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Amanda Baker, PhD




Assistant Professor




Clinical Psychologist




Amanda W. Baker, Ph.D., Nur Hani Zainal, M.S, Samantha N. Hellberg, M.A., Katherine E. Kabel, B.S., & Claire M. Hotchkin, B.A.

Improving Cognitive Behavioral Therapy for Panic Disorder through Attention Bias Modification

My clinical training, emphasizing empirically supported psychosocial treatments, has given me the perspective and position to study research questions that are meaningful to improving direct patient care. As such, I have developed a keen interest in understanding what treatment will work for whom to make our treatments more efficient, increase response rates, and reduce relapse rates. Women in Medicine and Science Symposium would be an ideal setting to present my clinical research and make connections with other women across our system. Building my network of women mentors and mentees is an extremely meaningful part of my career.


There is considerable variability in treatment outcomes in Cognitive Behavioral Therapy (CBT) for panic disorder (PD). Cognitive bias theories propose that reducing threat hypervigilance can augment CBT outcomes. However, no studies have previously tested the augmentation of CBT for PD with brief computerized attention bias modification (ABM).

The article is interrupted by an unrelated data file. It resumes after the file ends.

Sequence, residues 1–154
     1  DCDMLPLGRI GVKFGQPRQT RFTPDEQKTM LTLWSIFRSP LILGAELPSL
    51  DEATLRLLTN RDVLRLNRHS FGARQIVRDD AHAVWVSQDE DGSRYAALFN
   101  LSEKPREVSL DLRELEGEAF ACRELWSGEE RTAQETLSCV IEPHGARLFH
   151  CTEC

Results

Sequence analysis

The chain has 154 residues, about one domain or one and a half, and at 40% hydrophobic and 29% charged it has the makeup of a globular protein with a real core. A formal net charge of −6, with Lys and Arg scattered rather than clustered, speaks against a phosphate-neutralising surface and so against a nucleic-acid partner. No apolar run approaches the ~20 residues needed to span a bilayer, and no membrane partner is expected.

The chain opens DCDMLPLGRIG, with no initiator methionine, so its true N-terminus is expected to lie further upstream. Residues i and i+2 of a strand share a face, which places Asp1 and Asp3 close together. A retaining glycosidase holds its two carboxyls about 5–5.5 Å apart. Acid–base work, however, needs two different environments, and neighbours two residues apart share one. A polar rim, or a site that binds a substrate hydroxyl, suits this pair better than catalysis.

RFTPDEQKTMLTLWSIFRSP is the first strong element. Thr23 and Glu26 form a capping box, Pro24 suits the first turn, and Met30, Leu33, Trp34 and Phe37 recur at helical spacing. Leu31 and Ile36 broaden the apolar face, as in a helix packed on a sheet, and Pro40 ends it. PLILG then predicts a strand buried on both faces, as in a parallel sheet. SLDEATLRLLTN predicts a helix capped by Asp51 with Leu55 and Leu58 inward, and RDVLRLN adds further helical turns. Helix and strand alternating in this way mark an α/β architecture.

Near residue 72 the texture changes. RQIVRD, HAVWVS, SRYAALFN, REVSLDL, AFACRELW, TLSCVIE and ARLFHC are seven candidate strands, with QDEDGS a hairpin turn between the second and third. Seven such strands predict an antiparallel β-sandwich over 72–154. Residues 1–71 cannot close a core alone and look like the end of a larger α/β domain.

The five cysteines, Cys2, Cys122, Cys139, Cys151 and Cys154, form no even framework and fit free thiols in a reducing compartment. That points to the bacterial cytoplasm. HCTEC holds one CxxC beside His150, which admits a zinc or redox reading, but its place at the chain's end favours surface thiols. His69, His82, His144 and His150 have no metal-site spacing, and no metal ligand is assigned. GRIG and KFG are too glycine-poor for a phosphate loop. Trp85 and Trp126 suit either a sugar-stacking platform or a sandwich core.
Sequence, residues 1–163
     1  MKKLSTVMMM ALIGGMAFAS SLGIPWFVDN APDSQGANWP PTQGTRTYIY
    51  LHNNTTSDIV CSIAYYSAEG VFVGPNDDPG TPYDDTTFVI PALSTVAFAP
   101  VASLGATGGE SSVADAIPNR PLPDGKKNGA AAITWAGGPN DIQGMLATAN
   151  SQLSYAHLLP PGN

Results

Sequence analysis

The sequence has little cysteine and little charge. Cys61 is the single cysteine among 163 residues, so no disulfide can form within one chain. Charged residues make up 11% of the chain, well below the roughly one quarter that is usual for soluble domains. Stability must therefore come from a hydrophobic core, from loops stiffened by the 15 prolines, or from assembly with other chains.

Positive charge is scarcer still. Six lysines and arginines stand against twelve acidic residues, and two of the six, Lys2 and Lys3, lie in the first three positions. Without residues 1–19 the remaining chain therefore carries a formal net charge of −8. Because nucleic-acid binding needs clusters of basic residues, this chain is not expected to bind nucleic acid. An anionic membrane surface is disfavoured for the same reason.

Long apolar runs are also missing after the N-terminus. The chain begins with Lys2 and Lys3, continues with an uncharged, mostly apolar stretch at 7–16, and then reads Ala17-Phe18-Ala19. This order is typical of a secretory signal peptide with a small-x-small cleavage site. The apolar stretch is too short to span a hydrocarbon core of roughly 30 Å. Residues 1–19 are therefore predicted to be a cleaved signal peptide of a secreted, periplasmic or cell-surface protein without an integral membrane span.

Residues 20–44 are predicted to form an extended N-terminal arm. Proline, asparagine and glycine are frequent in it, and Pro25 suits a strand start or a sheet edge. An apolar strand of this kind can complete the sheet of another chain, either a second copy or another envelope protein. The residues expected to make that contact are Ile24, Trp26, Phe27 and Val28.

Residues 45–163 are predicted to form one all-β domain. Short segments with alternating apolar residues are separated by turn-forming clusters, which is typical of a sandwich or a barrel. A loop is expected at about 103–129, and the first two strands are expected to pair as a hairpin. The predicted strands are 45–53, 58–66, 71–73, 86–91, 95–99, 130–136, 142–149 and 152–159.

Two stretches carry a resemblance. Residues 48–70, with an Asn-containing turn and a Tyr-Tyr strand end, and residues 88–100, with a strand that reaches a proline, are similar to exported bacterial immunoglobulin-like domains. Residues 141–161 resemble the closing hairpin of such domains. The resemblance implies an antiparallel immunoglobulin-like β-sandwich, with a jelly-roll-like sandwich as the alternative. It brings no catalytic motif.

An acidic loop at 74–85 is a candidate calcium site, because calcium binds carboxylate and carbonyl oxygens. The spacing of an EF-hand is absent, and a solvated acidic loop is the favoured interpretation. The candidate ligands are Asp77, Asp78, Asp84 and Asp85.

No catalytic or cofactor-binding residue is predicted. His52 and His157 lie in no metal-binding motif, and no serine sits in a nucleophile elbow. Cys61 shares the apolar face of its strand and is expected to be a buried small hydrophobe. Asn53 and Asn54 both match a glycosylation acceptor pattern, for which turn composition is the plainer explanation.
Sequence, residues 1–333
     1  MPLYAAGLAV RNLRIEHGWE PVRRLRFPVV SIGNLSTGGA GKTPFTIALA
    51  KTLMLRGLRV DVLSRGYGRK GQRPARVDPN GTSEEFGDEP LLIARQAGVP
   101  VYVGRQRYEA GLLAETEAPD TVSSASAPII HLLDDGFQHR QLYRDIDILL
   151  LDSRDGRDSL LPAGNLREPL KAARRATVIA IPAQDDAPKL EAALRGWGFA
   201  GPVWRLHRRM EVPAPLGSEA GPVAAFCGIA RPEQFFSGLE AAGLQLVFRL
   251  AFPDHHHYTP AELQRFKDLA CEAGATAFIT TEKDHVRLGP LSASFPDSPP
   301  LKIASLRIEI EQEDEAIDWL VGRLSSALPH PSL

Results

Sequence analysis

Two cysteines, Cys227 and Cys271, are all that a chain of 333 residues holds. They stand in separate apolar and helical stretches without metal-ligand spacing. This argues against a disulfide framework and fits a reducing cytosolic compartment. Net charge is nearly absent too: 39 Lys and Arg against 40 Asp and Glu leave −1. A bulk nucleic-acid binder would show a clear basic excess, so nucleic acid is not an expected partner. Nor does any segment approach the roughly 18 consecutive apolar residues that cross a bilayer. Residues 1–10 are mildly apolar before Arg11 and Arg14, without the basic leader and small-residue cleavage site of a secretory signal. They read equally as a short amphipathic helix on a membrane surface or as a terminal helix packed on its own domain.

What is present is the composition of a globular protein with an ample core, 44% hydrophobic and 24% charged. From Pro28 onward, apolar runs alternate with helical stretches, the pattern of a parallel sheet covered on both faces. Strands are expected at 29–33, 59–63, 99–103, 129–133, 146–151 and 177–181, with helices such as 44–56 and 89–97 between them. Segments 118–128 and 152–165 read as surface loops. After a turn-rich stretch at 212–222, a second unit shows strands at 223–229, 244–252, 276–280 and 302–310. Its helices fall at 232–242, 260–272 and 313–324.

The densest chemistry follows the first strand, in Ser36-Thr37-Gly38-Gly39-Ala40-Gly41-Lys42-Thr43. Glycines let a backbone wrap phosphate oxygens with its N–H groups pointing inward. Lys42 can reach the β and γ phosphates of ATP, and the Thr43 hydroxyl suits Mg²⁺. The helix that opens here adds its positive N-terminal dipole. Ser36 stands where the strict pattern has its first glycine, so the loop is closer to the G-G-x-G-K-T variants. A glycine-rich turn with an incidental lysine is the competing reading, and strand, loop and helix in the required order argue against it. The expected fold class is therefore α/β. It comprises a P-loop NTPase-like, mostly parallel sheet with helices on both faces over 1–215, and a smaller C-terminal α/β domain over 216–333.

30 adults with PDreceived CBT according to a published protocol. Prior to five CBT sessions, CBM+ABM and CBT+PBO participants completed 15-minute ABM tasks and sham tasks, respectively. Bayesian structural equation modeling (BSEM) was conducted as it produces more credible estimates for small sample sizes.


ABM augmentation of CBT was associated with lower endpoint panic symptoms when controlling for baseline levels of PD (R2=.37, F(2, 19)=5.68, β=0.42, p=0.03) compared to CBT+PBO. All BSEM models showed good fit, such that all posterior predictive p values (PPP) were above .05, PPP=0.153–0.595. CBT+ABM (vs. CBT+PBO) led to significantly greater pre-post-treatment reduction in anxiety sensitivity: ASI–Physical (d=-1.316) and ASI–Social (d=1.357), but not ASI–Cognitive (d=-0.172). In addition, CBT+ABM led to significant larger pre-post changes in depression severity (d=-1.512), compared to CBT+PBO.


This pilot study showed adding brief computerized ABM to CBT protocols may enhance therapeutic change for PD.